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UKSolicitorJA, Solicitor
Category: Law
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Experience:  English solicitor with over 12 years experience
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I gave my son 230,000 to purchase a home for him and his daughter

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I gave my son 230,000 to purchase a home for him and his daughter after being left penniless by his wife are there any tax implications with this now he has an income

There may be an inheritance tax implication here on your part if the size of your estate is more than £325,000 and supposing you were to pass away within 7 years of the date you made the gift to your son.

The 7 year rule is as follows:

Any gifts you make to individuals will be exempt from Inheritance Tax as long as you live for 7 years after making the gift. These sorts of gifts are known as 'Potentially Exempt Transfers' (PETs).
However if you give an asset away at any time, but keep an interest in it - for example you give your house away but continue to live in it rent-free - this gift will not be a potentially exempt transfer.
If you die within 7 years and the total value of gifts you made is less than the Inheritance Tax threshold, then the value of the gifts is added to your estate and any tax due is paid out of the estate.
However, if you die within 7 years of making a gift and the gift is valued at more than the Inheritance Tax threshold, Inheritance Tax will need to be paid on its value, either by the person receiving the gift or by the representatives of the estate.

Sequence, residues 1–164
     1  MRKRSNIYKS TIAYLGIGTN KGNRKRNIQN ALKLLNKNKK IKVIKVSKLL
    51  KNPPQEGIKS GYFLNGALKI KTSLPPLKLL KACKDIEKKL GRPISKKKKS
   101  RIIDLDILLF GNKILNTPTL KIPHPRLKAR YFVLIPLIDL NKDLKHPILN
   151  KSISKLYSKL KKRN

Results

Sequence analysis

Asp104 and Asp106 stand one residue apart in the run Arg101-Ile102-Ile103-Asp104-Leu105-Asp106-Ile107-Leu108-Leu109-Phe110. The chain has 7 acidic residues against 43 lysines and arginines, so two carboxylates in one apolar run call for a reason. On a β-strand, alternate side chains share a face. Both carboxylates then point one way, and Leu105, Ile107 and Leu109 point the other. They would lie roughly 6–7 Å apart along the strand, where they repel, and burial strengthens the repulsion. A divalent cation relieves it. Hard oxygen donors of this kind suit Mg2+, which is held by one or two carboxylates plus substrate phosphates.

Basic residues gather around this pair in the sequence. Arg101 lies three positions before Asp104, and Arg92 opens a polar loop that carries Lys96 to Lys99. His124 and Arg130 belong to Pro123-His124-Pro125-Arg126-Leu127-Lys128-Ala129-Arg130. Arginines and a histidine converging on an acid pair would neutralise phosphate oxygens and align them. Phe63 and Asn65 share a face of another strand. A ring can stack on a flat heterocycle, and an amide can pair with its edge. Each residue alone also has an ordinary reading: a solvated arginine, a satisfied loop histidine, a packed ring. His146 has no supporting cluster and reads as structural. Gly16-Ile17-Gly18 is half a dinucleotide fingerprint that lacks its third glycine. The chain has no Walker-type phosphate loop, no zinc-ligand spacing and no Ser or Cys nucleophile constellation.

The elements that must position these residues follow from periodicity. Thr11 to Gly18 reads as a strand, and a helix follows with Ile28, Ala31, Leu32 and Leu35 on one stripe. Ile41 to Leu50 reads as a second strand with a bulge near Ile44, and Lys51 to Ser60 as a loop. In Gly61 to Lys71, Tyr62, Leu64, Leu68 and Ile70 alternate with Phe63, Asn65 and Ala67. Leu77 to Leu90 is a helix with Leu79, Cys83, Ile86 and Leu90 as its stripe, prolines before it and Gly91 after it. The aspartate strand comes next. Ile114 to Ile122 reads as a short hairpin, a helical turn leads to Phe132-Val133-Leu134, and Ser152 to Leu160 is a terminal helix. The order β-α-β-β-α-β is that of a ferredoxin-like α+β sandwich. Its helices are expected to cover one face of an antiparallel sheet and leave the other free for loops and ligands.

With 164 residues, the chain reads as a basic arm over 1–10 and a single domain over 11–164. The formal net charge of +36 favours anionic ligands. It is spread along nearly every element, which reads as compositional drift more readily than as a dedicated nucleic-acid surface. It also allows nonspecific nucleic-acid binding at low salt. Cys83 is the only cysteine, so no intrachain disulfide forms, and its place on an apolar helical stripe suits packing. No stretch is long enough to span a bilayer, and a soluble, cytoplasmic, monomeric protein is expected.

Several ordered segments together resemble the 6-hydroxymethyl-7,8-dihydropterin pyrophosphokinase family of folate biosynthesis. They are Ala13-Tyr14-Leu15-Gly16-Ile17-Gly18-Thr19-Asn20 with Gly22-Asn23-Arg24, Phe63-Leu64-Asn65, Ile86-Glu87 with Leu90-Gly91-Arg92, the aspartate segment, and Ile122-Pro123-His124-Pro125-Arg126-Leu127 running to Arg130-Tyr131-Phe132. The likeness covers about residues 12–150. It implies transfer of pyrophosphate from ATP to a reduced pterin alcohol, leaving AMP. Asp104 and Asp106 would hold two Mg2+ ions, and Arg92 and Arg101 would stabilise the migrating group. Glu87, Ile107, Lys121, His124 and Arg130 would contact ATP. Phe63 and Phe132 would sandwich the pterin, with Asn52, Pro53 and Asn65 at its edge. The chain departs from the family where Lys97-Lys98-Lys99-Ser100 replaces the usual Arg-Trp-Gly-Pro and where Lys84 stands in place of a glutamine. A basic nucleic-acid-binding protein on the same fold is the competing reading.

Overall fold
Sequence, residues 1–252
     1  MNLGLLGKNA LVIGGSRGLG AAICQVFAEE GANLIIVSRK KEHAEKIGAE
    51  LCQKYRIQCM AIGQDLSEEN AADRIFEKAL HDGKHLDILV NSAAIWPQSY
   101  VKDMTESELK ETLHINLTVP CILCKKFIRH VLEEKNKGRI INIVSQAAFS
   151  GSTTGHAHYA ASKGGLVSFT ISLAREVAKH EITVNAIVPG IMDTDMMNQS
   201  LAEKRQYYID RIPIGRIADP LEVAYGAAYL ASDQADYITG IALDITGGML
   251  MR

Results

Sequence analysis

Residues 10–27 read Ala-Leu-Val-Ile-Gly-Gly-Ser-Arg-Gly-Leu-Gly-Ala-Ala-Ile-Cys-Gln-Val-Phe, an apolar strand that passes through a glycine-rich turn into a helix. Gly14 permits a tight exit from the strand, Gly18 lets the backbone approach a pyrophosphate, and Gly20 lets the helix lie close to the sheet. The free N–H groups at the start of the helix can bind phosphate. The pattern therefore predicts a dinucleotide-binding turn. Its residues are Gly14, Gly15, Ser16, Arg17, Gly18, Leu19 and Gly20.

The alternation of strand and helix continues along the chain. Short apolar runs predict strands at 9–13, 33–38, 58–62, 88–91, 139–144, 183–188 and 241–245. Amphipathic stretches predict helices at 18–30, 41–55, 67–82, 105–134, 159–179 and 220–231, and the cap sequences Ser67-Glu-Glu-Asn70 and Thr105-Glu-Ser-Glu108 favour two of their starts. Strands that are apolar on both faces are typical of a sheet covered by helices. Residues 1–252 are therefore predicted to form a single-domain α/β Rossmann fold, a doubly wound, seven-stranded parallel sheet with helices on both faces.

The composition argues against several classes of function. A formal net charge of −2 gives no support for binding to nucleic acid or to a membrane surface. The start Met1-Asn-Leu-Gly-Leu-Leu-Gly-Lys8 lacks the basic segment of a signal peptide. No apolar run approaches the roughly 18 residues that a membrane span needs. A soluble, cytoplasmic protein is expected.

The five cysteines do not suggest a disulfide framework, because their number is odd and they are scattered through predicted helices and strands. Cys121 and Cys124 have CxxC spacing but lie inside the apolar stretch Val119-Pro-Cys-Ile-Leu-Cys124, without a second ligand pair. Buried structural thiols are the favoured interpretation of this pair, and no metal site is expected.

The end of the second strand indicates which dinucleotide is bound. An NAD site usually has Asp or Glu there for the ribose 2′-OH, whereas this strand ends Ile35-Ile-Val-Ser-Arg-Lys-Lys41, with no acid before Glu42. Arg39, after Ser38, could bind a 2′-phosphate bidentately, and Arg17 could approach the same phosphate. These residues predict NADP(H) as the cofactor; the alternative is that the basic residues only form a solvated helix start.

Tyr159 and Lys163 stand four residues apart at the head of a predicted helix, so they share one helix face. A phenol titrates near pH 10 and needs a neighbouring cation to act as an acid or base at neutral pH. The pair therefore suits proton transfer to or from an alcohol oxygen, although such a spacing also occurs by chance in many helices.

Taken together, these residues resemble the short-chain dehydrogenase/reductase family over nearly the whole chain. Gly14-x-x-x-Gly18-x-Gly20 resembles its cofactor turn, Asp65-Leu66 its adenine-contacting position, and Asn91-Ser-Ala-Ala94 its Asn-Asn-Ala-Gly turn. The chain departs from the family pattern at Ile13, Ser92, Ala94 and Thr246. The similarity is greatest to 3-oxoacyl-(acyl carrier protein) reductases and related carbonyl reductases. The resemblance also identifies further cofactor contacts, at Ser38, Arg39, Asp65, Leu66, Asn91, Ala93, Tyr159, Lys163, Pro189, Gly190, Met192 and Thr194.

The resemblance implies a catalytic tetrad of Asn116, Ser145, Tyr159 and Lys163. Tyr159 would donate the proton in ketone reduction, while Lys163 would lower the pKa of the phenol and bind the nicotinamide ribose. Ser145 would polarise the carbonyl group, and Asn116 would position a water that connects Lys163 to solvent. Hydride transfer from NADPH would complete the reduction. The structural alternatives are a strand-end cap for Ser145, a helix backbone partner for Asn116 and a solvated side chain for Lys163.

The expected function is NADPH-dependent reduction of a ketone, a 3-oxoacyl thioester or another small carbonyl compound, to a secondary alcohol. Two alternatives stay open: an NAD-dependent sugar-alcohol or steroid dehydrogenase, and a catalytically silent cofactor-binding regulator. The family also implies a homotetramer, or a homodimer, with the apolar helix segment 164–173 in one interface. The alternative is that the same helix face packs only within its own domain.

If you die between 3 and 7 years after making a gift, and the total value of gifts that you made is over the threshold, any Inheritance Tax due on the gift is reduced on a sliding scale. This is known as 'Taper Relief'.

The above is explained here

Taper Relief works as follows

Inheritance Tax is charged on gifts at 40%. But if the person died between 3 and 7 years of making a gift, you can apply what's known as 'Taper Relief' to the amount of Inheritance Tax due to reduce the amount payable.
Taper Relief reductions
Time between the date the gift was made and the date of death
Taper relief percentage applied to the tax due
3 to 4 years
4 to 5 years
5 to 6 years
6 to 7 years

The above is explained here:

Hope this helps
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Customer: replied 3 years ago.
What would he pay if I kept an interest in it and lived in the house
I Will revert shortly. Please leave feedback